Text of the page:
Creating a trust is often best done with the help of an estate planning attorney. This person will help you understand different kinds of beliefs and which one may be the most suitable for your situation. You’ll also need to determine the parameters for how and when you want assets distributed. This could include restrictions and specific parameters for certain beneficiaries.
Know Your Role
Creating Trust takes time and effort. Depending on your goals and the size of your estate, this could be a major undertaking. It will take longer if your assets, such as real property or other financial investments, require a complicated transfer process. It may also be more complex if you want to use the Trust to qualify for long-term care or leave certain assets to beneficiaries at specific times. The first step is to understand your role. The grantor (the settlor or trust maker) is responsible for setting up a trust and determining its terms. Married couples often choose to be co-grantors and co-trustees so that both can manage the assets. You will also need to identify your beneficiaries, the people you wish to receive your trust assets. This could be your children, spouse, friends or a charitable organization. You will also need to decide whether you want to appoint someone with legal rights to your assets outside the Trust (known as a power of attorney). This person can make decisions for you should you become disabled or die.
Decide on a Trustee
It would help if you chose a trustee (or multiple trustees). This is an important decision. Trustees have a big responsibility; their duties may last years or decades. They must comply with the terms of your Trust and make decisions according to them. They also must be able to manage assets and make investments. They can be a family member or someone you hire to take on the role. If you select one family member as a trustee, they must be on good terms and ready to work together. Choosing estranged siblings as co-trustees is not recommended. They must collaborate by signing checks and documents and coordinating with investment advisors. This can create tension and a lack of trustworthiness.
Your trustee should be able to think logically and be unbiased in making decisions. They should not be influenced by family dynamics or by heirs who try to exert influence over them. Having financial experience is beneficial but only sometimes a requirement. Most importantly, your trustee should be able to devote the time and effort to perform their duties.
Create a Beneficiary Designation
Many assets that transfer upon your death allow you to specify a beneficiary. This is common for life insurance policies, IRAs and savings accounts. These assets may be transferred to your estate without a beneficiary designation and subjected to probate. To designate a beneficiary, contact the company holding your asset and fill out a form they provided. Often, this can be done through an online portal. Giving the beneficiary’s full legal name and relationship with you is important. The information is required to verify the beneficiary and to locate them if necessary. You are identifying contingent beneficiaries who will receive the asset if the primary beneficiary predecease is also a good idea. This provides for greater control of the distribution to your family members. It is a good practice to review your beneficiary designations regularly, particularly after major events such as divorce, remarriage or the death of a loved one. Consider a disclaimer if you wish to decline the benefit of a particular account or asset.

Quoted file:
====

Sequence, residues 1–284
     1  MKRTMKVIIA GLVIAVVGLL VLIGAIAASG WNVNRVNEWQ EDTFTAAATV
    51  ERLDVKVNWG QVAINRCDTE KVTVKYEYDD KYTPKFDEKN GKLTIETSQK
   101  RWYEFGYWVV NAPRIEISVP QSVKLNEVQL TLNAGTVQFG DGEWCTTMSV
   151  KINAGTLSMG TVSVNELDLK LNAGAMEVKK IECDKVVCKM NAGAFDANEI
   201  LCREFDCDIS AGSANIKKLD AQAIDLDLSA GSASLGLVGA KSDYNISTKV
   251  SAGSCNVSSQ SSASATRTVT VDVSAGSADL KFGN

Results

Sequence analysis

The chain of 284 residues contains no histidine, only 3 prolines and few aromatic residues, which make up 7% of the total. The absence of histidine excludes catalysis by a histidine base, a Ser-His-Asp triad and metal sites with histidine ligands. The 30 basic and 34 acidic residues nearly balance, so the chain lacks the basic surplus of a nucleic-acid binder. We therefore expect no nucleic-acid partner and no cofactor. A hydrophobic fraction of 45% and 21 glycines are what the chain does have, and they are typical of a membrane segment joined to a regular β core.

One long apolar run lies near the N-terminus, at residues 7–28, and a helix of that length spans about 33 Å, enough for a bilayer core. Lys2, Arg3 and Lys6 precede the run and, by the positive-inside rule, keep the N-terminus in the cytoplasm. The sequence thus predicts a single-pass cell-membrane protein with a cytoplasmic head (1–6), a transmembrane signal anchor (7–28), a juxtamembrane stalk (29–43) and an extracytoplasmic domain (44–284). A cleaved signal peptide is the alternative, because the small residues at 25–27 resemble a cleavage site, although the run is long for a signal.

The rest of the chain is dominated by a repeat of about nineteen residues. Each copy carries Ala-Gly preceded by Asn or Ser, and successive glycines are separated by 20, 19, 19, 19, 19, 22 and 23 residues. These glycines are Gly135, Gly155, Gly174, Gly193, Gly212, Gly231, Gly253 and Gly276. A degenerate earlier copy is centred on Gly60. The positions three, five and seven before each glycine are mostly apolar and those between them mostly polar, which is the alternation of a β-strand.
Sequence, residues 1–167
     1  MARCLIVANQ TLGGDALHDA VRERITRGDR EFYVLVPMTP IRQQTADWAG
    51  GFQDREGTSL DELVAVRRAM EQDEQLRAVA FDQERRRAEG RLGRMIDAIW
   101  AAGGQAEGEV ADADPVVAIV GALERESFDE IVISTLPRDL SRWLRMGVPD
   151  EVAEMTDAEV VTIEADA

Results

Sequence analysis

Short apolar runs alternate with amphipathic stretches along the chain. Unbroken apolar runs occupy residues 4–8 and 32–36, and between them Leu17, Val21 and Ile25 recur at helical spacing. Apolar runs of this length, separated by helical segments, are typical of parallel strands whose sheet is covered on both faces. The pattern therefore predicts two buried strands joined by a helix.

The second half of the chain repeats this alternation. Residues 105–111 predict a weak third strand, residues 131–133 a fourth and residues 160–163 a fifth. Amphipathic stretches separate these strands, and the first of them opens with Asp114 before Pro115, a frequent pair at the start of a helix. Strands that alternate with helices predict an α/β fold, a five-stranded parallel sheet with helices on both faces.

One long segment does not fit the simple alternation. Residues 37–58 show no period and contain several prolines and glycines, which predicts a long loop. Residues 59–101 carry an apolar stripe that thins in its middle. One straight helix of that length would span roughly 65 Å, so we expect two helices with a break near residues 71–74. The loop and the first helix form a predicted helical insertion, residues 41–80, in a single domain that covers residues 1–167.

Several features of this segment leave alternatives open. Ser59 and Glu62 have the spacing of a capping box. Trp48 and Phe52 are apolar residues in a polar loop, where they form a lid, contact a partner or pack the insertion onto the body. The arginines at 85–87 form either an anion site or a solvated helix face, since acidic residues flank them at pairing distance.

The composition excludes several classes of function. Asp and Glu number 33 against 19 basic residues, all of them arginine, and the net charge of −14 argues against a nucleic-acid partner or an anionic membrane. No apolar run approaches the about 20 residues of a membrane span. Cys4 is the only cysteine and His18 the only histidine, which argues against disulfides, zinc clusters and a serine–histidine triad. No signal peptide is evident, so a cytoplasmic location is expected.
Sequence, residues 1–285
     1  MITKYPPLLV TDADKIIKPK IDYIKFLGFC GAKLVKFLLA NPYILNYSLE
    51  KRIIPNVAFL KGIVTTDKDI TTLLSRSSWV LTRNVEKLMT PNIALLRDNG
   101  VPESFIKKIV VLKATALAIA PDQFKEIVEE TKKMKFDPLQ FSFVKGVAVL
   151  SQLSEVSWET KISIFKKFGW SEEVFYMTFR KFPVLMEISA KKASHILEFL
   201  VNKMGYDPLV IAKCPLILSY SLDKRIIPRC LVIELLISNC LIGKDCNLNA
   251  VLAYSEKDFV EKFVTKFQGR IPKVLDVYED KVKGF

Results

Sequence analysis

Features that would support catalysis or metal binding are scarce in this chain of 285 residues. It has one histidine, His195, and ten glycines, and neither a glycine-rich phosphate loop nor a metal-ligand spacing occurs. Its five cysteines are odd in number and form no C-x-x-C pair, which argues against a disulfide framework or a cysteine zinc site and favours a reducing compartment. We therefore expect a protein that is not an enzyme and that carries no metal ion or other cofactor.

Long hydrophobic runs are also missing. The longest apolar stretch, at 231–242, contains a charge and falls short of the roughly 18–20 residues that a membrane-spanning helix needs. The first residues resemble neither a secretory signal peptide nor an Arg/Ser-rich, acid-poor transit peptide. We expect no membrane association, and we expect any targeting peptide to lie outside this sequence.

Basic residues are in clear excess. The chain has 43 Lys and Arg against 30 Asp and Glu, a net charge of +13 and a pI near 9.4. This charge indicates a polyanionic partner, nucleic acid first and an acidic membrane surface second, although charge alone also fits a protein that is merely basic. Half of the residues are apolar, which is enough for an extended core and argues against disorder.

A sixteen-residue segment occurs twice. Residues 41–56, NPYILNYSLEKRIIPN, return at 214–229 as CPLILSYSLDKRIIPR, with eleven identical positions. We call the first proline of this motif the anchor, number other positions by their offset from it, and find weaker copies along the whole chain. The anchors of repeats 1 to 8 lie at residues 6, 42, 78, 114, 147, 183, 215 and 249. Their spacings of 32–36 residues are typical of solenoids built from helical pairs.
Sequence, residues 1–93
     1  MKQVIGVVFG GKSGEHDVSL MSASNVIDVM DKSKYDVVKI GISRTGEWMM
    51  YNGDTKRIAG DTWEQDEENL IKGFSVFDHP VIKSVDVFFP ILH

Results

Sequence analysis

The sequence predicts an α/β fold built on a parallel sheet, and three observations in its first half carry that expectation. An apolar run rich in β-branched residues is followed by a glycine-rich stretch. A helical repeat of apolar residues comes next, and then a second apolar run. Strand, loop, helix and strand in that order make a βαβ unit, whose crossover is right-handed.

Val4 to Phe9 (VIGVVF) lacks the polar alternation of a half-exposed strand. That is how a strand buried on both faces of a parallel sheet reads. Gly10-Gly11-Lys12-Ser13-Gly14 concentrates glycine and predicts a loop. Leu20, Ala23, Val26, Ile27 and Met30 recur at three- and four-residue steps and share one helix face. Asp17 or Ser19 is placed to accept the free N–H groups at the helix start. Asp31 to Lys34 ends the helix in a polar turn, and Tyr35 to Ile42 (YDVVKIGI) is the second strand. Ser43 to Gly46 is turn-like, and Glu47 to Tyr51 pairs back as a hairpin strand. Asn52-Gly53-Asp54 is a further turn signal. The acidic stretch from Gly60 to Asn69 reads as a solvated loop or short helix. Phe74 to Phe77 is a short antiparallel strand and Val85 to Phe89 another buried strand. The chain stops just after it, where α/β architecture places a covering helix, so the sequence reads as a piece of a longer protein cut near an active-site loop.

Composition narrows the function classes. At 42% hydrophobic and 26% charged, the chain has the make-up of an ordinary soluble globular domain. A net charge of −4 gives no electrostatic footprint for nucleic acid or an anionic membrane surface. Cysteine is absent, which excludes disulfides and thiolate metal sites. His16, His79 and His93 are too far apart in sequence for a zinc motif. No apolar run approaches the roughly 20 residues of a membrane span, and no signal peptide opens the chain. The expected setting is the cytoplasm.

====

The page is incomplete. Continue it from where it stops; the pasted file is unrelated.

Transfer Assets to the Trust
Trusts are powerful estate planning tools that offer many benefits. They can help avoid probate, lower taxes and ensure that your legacy is carried out exactly how you want it to be. However, establishing Trust is more complex than drafting and signing a document. Working with an attorney to prepare and execute your Trust is important. While you may find prepared forms and kits, they often need to address your unique situation and can lead to mistakes that may be costly.
You will also need to transfer all assets into the Trust. This can be done in various ways depending on the type of asset. For example, if you own real estate property, you must file a new deed with the county recorder’s office in the name of your Trust. If you have investment or bank accounts, you must contact the institution and request a change of ownership in your Trust’s name. It is also helpful to draw up a trust schedule or informal inventory of all your assets. This will make it easier for your trustee and beneficiaries to identify and locate all purchases in the Trust.
Create a Trust Agreement
The next step is creating a trust agreement describing how funds and assets will be handled. This is done by the trustees, who are bound by law to follow the grantor’s wishes as expressed in the trust instrument. The trust instrument will also specify the trustee’s responsibilities and latitude, list the beneficiaries and their assets, and instructions for final distribution and trust termination. The Trust can be set up for a specific period or in perpetuity. You can also add parameters on how the trust funds will be distributed, such as when your children reach certain ages or attend college, and you can even set up provisions for dispersal items like art, jewellery or collectables. A qualified estate planning attorney and your trustee can help determine the best parameters for your circumstances. While trusts may seem geared more towards high-net-worth individuals and families, they can be useful for people of all income levels, especially those who want to avoid the expense and hassle of probate and retain control over their heir’s inheritance.